In an article by Tech Crunch, Yamamoto explained how the overall design was honed in and polished by suggestions carried down by his wife to the team of four, which included tips as nuanced as making the stones larger; She remarked that women often have long fingernails and had trouble moving the action, which is the type of input that turned what may have been a dime-a-dozen app into a universally engaging experience.

In 2013, when asked by Official Nintendo Magazine which non-Nintendo game he had been playing lately, Shigeru Miyamoto had this to say:

There's a video game in Japan called Puzzle & Dragons? That's a game that I've sat down simply as a consumer and played.

Calling Nintendo

The difference in distance between Tokyo and Kyoto, GungHo and Nintendo's respective home bases, is only about 5½ hours.

For two days in 2013, their distance was an appreciably larger gap than the two's net worth. GungHo was valued at $18 billion dollars, which at the time was worth more than all of Nintendo.

"I want to top Nintendo's sales by the time I retire," Chief Executive Officer Kazuki Morishita said in an interview.

Of course, the biggest obstacle facing quick rising mobile titles is not so much their meteoric impact, but long term sustainability. GungHo's stock has levelled out in the following years as it continues to stress an interest in not total monetary maximization, but qualitative growth.

Interestingly, GungHo has called out other mobile rivals in the media, including recent Nintendo business partner DeNA. From the Tech Crunch article:

We're pretty much not in favour of platforms like [DeNA's] Mobage and GREE. DeNA and GREE are IT companies. They are not gaming companies. All they focus on is how much revenue they will have. But for us, we're a gaming company. We emphasize game creatives. If all Japanese gaming companies started to focus on the creative side, it would be a really good move for the entire industry.

The company has not yet found its next mammoth hit, but has taken an interest in indie games, purchased makers of No More Hereos Grasshopper Manufacture, and now has finally seen the fruits of its collaboration with Nintendo released to the world in the form of Puzzle & Dragons: Super Mario Bros. Edition.

Puzzles and Dragons Mario

Puzzle & Dragons' spin off with Super Mario, regardless of the final quality of the 3DS title, is the fascinating product of two companies askew yet on diverging tracks: a mobile games company seeking to achieve diversity, and a console company looking to remain relevant in the face of mobile games.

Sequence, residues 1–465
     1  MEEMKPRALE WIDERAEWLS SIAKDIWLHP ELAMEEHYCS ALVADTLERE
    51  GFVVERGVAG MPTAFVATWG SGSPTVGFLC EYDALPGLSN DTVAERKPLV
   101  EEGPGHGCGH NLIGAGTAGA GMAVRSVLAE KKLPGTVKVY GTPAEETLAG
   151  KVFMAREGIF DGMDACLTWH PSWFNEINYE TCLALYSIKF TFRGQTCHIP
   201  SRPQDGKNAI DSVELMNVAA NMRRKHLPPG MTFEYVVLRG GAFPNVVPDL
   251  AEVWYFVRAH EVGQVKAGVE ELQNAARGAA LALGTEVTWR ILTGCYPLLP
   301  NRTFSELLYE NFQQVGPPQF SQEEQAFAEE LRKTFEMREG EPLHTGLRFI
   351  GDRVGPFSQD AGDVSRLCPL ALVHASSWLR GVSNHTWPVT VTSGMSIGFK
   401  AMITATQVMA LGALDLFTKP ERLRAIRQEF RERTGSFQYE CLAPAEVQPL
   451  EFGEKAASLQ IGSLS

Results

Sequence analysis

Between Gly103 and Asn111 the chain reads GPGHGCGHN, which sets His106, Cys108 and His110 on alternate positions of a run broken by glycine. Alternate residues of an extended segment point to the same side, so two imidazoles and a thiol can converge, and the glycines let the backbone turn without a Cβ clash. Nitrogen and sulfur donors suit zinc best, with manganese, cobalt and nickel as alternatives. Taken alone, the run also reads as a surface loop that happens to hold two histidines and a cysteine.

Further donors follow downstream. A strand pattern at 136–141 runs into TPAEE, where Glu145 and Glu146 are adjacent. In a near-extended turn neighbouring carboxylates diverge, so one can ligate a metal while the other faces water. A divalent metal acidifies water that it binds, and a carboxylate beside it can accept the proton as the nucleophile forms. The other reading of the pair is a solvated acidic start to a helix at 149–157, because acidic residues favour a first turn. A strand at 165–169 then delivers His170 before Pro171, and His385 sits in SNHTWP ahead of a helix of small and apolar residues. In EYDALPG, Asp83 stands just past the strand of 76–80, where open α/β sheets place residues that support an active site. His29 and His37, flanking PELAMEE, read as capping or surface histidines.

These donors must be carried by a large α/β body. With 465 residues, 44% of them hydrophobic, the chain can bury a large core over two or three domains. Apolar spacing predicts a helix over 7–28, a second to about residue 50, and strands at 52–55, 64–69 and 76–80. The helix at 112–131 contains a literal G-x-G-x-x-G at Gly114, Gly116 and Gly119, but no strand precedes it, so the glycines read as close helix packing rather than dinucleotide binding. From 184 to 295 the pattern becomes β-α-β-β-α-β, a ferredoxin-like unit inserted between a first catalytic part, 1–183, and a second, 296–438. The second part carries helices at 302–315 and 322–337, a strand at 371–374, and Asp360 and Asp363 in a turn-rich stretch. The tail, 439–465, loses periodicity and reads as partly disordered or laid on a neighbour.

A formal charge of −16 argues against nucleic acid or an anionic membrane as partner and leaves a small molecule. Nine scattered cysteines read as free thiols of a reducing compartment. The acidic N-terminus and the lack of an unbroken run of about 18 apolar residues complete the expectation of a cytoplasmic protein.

Strangely enough, it was by the intuition of GungHo - not Nintendo - that the idea for the crossover even started. In fact, Morishita even told a tale of how his hands shook when showing the prototype to Miyamoto. From a 4Gamer interview:

Morishita: We contacted Nintendo with New Year's 2014 greetings as we reported that Puzzle & Dragons Z had sold one million copies. We said, "we'd like to do more Puzzle & Dragons spin-offs" to president Iwata and Mr. Miyamoto. From there on, we tried to create the Mario version in-house at GungHo as we thought, "wouldn't it be better to show Nintendo?" Then discussions with Nintendo progressed again.

Yamamoto: We showed a prototype to Nintendo several months after contacting them for the first time.

Morishita: From there, we rebuilt the game anew by combining the action of Puzzle & Dragons and the world and stages of Super Mario Bros.

It's possible that strange crossover titles like these are a sign that Nintendo has become a play thing of the rich, wherein a drifting Mario is stamped onto the flavour of the year's newest hot title. Another take might interpret the game as only a notable cash-grab by Nintendo to brand its still valuable self onto a hot trend, similar to titles like Dance Dance Revolution Mario Mix or Fortune Street.

But in that strange overlap between Puzzle & Dragons' immense, global popularity and Nintendo's new marketplace position marked by unclarity, there lies but only one easy to read message: Don't ever be surprised by what Mario might do next.